Education as the Key to Progress
In the second edition of my book Who
Mentored You: The Person Who Changed my Life, seventy-eight prominent people recalled
how mentors contributed to their success in life by influencing
and advising them in their earlier years. Since March is National
Women's History Month, I must point out that many of the leaders
featured in this special book are written by women of outstanding
accomplishment who have not only contributed significantly
to their fields of expertise but also changed society at large.
There are excerpts from incredible leaders such as Marian Wright
Edelman, Carol Bellamy, Elizabeth Dole, Whoopi Goldberg, Maya
Lin, Diane Sawyer, Muriel Siebert, Lillian Vernon, Jessye Norman
and many other inspiring women that will leave you in awe.
All of these celebrated personalities mention how their mentors
helped inspire and instruct them and drove them to achieve
the pinnacle of success.
These powerful stories make clear
that the most valuable message mentors delivered to them
was the vital importance of getting the best education possible
because education is the key that opens the door to opportunity.
Certainly, in the past, there were people who were able to
succeed in life despite the disadvantage of a limited traditional
education. But since then the world has grown incredibly
complex and demanding of formal education. Abraham Lincoln–who is regarded as perhaps the greatest
president we ever had and unquestionably the most eloquent–had
little more than a year in school. He had the strength of character
and conviction to educate himself through classic literature
and law books. But the chance of another Lincoln appearing
on the scene is negligible. Every day the relentless advancement
of exquisite technology calls for a higher and higher skill
level in workers across every field. Globalization creates
another strong pressure that can be dealt with only by increasing
the amount of education received by our workers. Now workers
in India, China, Malaysia and Mexico vie with the American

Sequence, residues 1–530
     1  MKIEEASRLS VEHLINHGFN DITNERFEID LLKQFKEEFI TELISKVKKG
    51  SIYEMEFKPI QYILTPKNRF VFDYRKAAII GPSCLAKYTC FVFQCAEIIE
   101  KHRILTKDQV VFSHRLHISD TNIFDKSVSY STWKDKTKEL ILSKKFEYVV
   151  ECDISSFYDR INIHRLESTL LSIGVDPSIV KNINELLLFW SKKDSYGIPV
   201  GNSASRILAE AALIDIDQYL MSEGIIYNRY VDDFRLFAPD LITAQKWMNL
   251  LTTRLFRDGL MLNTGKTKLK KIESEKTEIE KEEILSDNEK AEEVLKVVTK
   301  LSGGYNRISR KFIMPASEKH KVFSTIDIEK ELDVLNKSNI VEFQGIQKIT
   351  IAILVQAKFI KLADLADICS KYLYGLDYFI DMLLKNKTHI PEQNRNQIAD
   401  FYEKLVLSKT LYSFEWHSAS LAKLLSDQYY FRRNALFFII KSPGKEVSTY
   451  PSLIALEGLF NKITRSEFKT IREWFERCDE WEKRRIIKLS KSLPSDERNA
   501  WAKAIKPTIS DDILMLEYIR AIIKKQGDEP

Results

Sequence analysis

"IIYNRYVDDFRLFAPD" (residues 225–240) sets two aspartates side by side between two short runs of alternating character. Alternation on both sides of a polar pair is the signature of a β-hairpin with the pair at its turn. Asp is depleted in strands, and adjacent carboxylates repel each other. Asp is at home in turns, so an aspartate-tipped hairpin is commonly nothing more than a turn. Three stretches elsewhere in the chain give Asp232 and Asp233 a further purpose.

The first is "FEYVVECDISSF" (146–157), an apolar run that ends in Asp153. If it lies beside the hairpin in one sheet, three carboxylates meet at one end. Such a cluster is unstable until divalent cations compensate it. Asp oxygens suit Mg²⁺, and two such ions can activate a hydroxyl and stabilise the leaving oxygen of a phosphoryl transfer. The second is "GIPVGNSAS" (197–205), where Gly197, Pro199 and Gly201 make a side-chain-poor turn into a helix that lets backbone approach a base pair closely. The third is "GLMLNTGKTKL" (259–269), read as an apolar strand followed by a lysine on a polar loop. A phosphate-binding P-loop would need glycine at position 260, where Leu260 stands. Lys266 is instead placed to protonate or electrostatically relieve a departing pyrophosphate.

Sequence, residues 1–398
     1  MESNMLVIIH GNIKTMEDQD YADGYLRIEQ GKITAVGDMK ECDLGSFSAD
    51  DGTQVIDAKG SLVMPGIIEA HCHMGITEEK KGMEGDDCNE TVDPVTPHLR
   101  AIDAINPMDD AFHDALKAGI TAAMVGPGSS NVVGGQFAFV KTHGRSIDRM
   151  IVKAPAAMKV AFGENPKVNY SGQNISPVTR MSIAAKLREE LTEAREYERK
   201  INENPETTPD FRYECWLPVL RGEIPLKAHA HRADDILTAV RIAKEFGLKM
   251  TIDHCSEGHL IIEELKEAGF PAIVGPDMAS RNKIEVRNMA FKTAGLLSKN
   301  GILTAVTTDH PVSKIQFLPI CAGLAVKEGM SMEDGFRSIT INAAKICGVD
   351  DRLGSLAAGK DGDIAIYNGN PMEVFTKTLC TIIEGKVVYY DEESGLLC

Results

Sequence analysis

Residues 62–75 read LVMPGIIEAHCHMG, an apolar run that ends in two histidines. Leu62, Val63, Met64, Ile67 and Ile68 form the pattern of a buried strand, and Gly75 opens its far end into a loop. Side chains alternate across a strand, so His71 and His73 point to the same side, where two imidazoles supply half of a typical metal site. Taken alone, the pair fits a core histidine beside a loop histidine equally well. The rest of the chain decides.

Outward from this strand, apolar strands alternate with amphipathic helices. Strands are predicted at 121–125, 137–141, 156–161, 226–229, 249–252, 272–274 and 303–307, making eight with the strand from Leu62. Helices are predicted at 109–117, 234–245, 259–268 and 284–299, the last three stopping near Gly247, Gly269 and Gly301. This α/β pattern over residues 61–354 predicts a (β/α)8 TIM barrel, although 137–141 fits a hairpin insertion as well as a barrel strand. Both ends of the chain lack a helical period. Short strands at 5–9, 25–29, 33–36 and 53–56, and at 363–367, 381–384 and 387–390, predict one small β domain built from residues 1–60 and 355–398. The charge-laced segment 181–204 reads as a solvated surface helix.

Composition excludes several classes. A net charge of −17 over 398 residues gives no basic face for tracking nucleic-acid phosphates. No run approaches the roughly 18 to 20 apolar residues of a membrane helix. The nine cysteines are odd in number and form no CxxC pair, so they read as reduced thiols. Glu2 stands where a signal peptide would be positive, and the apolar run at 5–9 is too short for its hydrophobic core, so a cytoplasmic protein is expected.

workforce to produce goods and services. Most of the services
provided by the workforce overseas are far less expensive than
the services of the American workforce because the standard
of living in these countries is much lower than ours.
Unless we want to reduce our own standard of living, we need
to increase the level of our technology so that we can produce
goods and services of a quality that our competitors cannot
match because of our technological advantage. That requires
that we have highly skilled workers in the United States or
our businesses will find highly skilled workers elsewhere.
Right now–as hard as it is to believe–although
we are the richest and most powerful nation in world history,
only 1 in 5 of our workforce are highly skilled. Generally
the designation "highly skilled" requires 4 years
of education after secondary school. Nearly two hundred years
ago the states of our nation recognized that for the nation
to progress, our people would need to have a level of education
suitable to handle the level of complexity in our economy.
States back then, like New York, established the minimum standard
of 12 years of education through secondary school and the need
for workers at that level was considered vital. As a consequence,
the states provided the education to everyone, rich or poor,
in public schools.
It is difficult to understand–notwithstanding
two hundred years of technical progress; why the minimum
level of education in this country has not been lifted at
least to the college level. Maybe the fact that we are now
losing more and more jobs to workers overseas: skilled and
unskilled, will inspire us to start making up for the terrible
lag in our level of educational excellence that we have allowed
to exist for so long.
During National Women's History Month, it's interesting to
note that according to a new poll from Junior Achievement,
there is a growing gender gap between girls and boys now when
it comes to careers requiring higher education. In all, 73.9%
of girls believe they need a four-year degree or graduate degree
to obtain their dream job, while 61.5% of boys believe they
do. One of the principle objectives of the Mentoring USA program
is to help our youth meet the need they correctly perceive
by promoting the educational enrichment for all children.
As a nation, we should learn a lesson that is expressed over
and over by our good mentors to our respected leaders in my
book Who Mentored You: The Person who
Changed my Life: education
is the key to individual and personal success and also the
future progress of our great nation.#
Matilda Raffa Cuomo is the former
First Lady of the City New York. She is Founder and Chair,
Mentoring USA and Chair, National Committee for Advanced
Placement Italian Language Course & Examination.